First, on behalf of the whole House, I thank you, Mr. Speaker, for granting Mr. Carmichael the opportunity of bringing the Minister to the House so that he can answer on these important matters. Like the hon. Gentleman, I regard it as a gross discourtesy to Parliament that these important announcements about defence contracts and the restructuring of the Royal Air Force are being sneaked out by way of six ministerial written statements on the last day before the long summer recess. As we have heard, they affect constituencies across the land, from Orkney and Shetland to Cornwall and Gosport. Few Members in the House will not be affected. The Minister's response, which lasted more than 10 minutes, shows how serious and wide-ranging these announcements are and what a grave discourtesy it is to the House that he has been forced to come here and did not offer a statement in the first place. I am rather sorry for the Minister, who is a courteous gentleman. He has been sent here to do the Secretary of State's dirty work, when the Secretary of State himself should have come to the House to answer these points.
As the hon. Orkney and Shetland said, the discourtesy is compounded by the fact that the Secretary of State has time this afternoon to hold a press conference, at which journalists will be afforded the privilege of cross-examining him—a privilege denied to elected Members of this House. It is unacceptable that we will not have that privilege for a further three months.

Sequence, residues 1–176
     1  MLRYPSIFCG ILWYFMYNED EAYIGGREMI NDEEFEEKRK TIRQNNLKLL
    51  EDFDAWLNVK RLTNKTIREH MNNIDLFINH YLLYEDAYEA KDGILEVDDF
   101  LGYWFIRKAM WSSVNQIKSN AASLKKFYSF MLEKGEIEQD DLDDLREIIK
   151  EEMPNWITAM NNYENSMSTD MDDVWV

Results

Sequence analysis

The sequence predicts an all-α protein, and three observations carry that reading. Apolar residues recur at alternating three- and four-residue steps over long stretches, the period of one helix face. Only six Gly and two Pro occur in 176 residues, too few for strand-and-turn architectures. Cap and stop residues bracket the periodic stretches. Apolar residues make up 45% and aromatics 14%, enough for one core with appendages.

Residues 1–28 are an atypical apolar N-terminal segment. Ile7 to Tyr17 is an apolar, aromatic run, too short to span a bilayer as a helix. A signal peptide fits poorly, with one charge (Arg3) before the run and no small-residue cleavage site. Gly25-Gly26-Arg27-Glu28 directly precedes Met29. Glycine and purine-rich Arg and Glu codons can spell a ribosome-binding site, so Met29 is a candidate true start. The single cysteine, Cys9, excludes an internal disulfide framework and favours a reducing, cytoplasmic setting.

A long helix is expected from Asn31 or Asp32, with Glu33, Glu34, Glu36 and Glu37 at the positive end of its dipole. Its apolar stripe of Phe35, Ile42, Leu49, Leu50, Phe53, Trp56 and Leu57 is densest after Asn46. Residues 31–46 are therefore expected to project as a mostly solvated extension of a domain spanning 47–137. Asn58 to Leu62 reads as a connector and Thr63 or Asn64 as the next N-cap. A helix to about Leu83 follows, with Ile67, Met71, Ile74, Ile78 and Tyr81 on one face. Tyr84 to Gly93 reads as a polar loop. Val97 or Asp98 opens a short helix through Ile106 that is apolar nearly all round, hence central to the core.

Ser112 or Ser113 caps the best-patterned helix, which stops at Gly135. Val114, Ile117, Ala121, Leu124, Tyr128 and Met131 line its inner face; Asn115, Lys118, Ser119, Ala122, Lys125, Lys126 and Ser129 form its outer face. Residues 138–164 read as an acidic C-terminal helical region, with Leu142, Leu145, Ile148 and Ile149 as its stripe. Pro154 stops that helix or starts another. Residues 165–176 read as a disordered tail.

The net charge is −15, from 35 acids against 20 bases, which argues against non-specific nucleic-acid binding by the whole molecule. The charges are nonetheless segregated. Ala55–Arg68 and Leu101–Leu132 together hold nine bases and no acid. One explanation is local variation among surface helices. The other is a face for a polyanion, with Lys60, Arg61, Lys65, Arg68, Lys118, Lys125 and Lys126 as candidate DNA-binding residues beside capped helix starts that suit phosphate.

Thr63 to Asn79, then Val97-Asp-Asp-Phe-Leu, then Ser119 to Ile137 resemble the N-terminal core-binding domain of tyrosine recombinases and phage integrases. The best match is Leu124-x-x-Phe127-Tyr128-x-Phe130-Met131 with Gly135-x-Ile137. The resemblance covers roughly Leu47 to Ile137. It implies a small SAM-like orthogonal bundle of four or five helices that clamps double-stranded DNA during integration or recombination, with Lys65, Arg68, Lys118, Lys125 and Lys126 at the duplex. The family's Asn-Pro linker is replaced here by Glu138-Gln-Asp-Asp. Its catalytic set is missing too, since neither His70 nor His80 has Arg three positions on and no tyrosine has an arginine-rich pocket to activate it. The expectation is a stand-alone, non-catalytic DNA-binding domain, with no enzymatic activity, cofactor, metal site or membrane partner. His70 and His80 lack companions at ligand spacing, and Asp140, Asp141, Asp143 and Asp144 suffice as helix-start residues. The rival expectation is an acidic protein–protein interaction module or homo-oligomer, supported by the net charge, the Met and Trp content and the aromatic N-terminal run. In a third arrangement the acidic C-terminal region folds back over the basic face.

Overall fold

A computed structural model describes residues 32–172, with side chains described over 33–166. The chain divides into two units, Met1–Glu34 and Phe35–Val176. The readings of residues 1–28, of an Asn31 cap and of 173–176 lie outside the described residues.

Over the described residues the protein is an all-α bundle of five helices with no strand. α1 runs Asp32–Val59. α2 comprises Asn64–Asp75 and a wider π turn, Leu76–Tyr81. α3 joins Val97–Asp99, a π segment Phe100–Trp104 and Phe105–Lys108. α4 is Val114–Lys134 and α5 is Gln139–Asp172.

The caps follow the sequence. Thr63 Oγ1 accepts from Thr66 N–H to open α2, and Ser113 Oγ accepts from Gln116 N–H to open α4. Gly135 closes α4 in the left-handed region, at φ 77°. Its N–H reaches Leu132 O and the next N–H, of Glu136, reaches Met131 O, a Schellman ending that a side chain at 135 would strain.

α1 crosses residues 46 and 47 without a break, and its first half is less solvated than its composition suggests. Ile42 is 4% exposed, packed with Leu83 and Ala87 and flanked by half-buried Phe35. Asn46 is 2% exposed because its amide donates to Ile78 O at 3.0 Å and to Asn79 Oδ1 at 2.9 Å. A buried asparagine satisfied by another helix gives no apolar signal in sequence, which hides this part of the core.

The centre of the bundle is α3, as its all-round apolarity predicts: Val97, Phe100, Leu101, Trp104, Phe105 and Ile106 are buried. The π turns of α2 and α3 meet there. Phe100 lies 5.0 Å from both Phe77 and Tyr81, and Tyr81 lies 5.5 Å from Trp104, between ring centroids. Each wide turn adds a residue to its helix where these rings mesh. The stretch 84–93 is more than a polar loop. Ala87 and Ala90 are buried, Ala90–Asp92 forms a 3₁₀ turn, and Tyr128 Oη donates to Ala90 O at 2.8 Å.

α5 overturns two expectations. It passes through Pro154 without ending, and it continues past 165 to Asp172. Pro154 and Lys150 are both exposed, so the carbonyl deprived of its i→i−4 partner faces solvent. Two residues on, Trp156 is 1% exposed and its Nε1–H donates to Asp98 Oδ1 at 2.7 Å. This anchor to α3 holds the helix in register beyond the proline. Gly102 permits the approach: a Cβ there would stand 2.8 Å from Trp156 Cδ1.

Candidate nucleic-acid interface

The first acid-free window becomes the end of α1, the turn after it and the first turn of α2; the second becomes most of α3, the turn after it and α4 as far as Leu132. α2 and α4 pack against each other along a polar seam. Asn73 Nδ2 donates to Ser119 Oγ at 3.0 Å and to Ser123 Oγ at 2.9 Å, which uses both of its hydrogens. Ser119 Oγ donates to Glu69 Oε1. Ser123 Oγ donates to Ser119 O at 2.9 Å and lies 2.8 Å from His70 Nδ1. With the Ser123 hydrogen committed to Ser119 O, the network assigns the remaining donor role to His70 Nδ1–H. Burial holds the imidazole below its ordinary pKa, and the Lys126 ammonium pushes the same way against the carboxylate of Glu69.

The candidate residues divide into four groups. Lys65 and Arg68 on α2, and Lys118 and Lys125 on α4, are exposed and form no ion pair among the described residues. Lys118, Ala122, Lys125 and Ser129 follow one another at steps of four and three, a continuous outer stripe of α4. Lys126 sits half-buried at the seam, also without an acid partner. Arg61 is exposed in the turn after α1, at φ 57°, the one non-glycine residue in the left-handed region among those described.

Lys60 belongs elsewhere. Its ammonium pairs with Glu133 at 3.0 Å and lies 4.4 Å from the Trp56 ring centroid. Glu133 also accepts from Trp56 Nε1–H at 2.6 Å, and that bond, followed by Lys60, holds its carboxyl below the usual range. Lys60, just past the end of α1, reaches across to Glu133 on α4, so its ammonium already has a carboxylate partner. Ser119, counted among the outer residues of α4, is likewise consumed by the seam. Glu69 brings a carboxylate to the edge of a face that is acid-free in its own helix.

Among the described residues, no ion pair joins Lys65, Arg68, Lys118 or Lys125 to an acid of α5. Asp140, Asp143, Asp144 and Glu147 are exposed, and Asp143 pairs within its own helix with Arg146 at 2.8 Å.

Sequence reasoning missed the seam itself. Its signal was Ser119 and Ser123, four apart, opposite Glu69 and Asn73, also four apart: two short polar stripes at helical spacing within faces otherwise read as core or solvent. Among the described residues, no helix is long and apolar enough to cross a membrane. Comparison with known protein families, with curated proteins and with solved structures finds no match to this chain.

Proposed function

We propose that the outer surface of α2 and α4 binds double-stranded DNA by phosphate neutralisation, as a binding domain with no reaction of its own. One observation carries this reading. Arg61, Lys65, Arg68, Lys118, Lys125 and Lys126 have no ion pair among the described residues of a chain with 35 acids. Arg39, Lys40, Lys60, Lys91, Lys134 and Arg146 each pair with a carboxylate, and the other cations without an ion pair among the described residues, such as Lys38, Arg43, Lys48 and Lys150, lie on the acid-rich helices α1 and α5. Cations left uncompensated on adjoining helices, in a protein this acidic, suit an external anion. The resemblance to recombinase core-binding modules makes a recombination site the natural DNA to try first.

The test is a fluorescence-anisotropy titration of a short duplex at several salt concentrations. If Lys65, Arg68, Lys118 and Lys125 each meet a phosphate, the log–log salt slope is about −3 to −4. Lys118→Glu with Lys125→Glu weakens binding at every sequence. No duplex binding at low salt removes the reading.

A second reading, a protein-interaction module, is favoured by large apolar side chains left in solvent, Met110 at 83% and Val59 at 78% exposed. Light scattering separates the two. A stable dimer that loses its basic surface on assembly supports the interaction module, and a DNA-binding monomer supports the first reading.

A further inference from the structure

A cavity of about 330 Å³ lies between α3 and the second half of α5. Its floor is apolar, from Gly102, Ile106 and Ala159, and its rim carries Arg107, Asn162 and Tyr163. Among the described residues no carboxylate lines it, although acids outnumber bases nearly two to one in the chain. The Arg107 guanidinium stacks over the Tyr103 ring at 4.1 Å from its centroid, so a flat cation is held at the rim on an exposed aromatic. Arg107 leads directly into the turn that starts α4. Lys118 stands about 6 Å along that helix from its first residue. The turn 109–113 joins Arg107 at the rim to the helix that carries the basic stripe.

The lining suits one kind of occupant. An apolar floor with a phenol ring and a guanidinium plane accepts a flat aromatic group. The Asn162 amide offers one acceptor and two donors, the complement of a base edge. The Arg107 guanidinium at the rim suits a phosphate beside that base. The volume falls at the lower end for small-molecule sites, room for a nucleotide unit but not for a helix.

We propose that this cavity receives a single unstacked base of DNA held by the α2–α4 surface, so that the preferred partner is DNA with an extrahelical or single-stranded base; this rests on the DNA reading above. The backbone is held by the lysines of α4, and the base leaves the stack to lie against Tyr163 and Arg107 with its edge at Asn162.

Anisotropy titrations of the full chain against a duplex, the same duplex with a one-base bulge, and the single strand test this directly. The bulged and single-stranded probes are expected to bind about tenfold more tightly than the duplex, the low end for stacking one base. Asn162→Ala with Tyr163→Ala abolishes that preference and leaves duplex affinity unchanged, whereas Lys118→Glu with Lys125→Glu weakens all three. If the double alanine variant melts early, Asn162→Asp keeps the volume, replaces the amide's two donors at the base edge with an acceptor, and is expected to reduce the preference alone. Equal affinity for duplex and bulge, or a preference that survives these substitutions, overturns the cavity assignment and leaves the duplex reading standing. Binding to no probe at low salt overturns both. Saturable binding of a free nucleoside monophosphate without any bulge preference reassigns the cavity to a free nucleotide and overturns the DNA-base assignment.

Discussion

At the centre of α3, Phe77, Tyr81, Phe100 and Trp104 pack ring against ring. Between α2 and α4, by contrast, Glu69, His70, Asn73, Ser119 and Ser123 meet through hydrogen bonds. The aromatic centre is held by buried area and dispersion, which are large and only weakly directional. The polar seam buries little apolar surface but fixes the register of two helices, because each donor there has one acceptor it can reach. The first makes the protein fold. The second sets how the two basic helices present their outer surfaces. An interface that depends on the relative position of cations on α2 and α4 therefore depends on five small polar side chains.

Furthermore, although this is not one of a number of ministerial statements today, I understand that there is a proposal to scrap nearly all the instructual flying at our 14 university air squadrons, which have been in existence since 1925. My understanding is that the proposal will take effect from
This is part of the steady war of attrition on the RAF, whose number will soon be reduced to 41,000, half of what it was 12 years ago. There is a shortage of pilots, weapons systems operators and technicians. Although the new Typhoon is slowly entering service, morale is low and the entire Jaguar fleet is being scrapped. Yet in the strategic defence review, which was the brainchild of the present Secretary of State, the Government acknowledged,
"Since SDR, our Armed Forces have conducted operations that have been more complex and greater in number than we had envisaged. We have effectively been conducting continual concurrent operations, deploying further afield, to more places, more frequently and with a greater variety of missions than set out in the SDR planning assumptions".
Hon. Members should note the next words, which are those of the current Leader of House when he was Secretary of State for Defence:
"We expect to see a similar pattern of operations in the future."
In other words, our armed forces are being asked to do ever more with less and less.
Last week in the other place, Ministers were subjected to an unprecedented combined assault from six former Chiefs of the Defence Staff, many of whom the Prime Minister appointed. As Sir Max Hastings says in today's Daily Mail:
"There is a crisis of confidence from top to bottom in the British Army."
Britain's armed forces have been poorly repaid for the magnificent service that they have given to the Government. It is time that Ministers repaid the honour that our armed forces bestow upon them.